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Two Way Radios Frequently Asked Questions

What do you need to know about two way radios

If you’re new to the world of two way radios, don’t worry you’re not alone – we were all newbies once too! Over the years we’ve picked up lots of useful titbits of knowledge which we’re pleased to share with you in this FAQ section. Here are the questions we get asked most often, and you can always contact us if your question isn’t covered here.

 

Two way radios are used as an instantaneous communications method across a variety of industries. Two-way radios allow for members of staff to communicate in groups or through individual calls, allowing communications to be separated between different teams or departments whilst also allowing for an emergency broadcast to be sent out if and when needed.

 

Two-way radios in the United Kingdom are authorised to work on two frequency bands: VHF (Very High Frequency) and UHF (Ultra High Frequency). Different scenarios lean themselves to different frequencies many of which will need an Ofcom Licence.

 

Two way radios rely on radio waves and are “transceivers”, meaning they are capable of both receiving and transmitting. A transmitter in the two-way radio sends out a message via radio waves. When receiving a message, the radio receiver receives radio waves from the other device and then interprets the information that the frequency is carrying. The two-way radio device will also include a tuner to sort out different frequency signals. When the radio signals reach the other device, the waves are converted into electric signals which are in turn converted into audio signals that you pick up via the speakers.

 

Using a two way radio is simple. You turn the handset on, it may already be pre-set at a certain frequency, or you can select one. You can join in a conversation with other handset users by pressing the push-to-talk button. But please see our comments about etiquette below – it’s a thing!

 

These are the basic radio etiquette rules:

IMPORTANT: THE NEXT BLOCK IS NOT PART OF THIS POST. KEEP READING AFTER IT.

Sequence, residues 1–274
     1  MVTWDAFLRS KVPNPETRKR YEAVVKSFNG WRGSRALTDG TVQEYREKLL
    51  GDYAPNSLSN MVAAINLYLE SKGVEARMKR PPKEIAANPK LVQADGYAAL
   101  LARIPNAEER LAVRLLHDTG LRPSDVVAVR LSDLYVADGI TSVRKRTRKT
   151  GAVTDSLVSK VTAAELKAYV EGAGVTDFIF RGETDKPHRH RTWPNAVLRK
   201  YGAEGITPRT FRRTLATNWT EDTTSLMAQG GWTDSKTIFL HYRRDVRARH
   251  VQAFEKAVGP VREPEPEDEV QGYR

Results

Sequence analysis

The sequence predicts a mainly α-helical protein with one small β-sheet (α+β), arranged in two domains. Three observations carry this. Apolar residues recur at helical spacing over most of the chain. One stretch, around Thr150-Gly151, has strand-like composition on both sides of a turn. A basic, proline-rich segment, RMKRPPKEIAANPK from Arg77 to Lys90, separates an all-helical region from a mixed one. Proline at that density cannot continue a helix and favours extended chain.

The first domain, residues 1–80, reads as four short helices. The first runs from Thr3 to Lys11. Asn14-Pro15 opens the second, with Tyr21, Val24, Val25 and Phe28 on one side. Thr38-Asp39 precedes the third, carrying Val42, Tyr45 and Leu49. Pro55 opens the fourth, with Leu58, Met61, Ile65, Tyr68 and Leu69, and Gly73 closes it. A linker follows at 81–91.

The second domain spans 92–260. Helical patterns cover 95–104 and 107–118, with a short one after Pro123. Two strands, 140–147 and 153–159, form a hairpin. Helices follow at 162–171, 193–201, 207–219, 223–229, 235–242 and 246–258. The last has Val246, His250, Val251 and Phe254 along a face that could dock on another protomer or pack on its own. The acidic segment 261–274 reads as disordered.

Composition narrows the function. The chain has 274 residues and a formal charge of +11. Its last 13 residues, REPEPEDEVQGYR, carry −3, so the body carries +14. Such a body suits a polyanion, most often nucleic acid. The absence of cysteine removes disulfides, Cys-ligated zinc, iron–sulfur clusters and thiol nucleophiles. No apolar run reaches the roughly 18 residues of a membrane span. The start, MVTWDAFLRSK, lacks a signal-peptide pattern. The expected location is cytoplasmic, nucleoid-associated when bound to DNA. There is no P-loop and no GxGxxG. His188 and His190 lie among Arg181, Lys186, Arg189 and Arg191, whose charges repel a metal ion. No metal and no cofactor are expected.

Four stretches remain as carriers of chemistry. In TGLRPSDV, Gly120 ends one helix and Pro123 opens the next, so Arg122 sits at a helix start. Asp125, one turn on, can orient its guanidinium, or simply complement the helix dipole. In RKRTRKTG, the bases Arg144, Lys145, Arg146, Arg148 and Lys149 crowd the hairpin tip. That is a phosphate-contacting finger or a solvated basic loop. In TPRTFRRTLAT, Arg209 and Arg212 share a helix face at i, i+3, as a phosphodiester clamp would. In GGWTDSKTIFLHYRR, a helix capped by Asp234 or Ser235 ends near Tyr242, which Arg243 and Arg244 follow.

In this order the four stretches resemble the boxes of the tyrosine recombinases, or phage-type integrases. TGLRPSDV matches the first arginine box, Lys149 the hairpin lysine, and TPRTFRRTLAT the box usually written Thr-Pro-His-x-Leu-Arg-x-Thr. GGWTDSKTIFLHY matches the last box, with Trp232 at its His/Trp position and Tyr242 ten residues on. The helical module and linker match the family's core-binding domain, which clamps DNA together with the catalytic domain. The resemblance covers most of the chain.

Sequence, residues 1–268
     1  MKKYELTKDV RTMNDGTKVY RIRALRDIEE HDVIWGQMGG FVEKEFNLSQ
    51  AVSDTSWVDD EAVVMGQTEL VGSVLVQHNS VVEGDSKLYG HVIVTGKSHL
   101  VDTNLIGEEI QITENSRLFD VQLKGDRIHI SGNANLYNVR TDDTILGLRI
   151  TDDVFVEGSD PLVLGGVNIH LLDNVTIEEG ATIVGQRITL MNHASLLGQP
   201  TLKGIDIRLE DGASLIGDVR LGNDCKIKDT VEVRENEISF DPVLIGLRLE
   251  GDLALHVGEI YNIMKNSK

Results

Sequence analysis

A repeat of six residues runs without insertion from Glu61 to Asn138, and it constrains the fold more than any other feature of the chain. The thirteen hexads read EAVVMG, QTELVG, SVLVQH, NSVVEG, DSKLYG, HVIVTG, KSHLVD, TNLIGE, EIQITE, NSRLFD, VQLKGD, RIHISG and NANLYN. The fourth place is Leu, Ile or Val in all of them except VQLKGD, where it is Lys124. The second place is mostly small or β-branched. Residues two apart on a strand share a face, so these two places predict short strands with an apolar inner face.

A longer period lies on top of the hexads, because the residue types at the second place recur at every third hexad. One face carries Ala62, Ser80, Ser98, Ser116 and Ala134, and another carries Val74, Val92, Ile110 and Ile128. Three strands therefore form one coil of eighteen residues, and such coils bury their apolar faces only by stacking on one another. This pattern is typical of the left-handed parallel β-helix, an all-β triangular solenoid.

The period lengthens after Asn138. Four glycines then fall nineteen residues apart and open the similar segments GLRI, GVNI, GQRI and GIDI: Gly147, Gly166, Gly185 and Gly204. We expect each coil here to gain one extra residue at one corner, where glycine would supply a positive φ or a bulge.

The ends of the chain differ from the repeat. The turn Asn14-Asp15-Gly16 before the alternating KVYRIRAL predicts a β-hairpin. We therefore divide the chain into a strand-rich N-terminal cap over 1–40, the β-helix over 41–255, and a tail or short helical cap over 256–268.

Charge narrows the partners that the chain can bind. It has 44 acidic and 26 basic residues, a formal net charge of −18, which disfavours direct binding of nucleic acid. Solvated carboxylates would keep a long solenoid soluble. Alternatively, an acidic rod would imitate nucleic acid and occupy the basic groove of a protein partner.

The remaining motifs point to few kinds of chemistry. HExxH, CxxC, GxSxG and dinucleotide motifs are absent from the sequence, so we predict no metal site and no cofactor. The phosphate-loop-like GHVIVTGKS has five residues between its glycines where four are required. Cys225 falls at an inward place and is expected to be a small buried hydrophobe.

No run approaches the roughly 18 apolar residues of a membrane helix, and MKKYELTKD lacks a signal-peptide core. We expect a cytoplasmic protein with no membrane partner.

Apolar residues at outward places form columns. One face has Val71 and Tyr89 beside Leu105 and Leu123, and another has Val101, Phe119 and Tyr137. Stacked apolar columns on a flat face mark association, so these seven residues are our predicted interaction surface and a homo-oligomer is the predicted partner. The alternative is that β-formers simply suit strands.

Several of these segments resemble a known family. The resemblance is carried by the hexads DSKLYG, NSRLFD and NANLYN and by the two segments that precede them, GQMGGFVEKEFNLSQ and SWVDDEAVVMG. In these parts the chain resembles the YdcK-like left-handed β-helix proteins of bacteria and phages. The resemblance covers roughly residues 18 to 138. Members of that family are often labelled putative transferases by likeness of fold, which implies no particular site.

1. Do not interrupt if you hear other people talking
  2. Respond when someone contacts you, even if its to tell them to “stand by” if you need them to wait for a response
  3. Never transmit sensitive, confidential, financial, or military information

 

This is the first question that many people ask and unfortunately there is no simple answer. The range of your radio depends on lots of factors, such as the terrain, the type of radio, whether you're using a repeater, and Ofcom licensing. The best way to deal with this would be to contact one of our team so that we can understand more about your requirements and make some suitable  recommendations.

 

This is dependent on how much the radio is used but on average you should expect to get 10-12 hours use out of a fully charged battery.

 

Yes you will. We will apply on your behalf as part of our service plus we’ll manage the annual renewals too.

 

Yes that’s all part of the service! Two-way radios are very simple to use but if you’ve never seen one before then we will of course show you how it works and all the various features.

 

Check out our two-way radio buyers’ guide for more information about how two way radios work, then contact us to discuss your requirements and book a free site survey.

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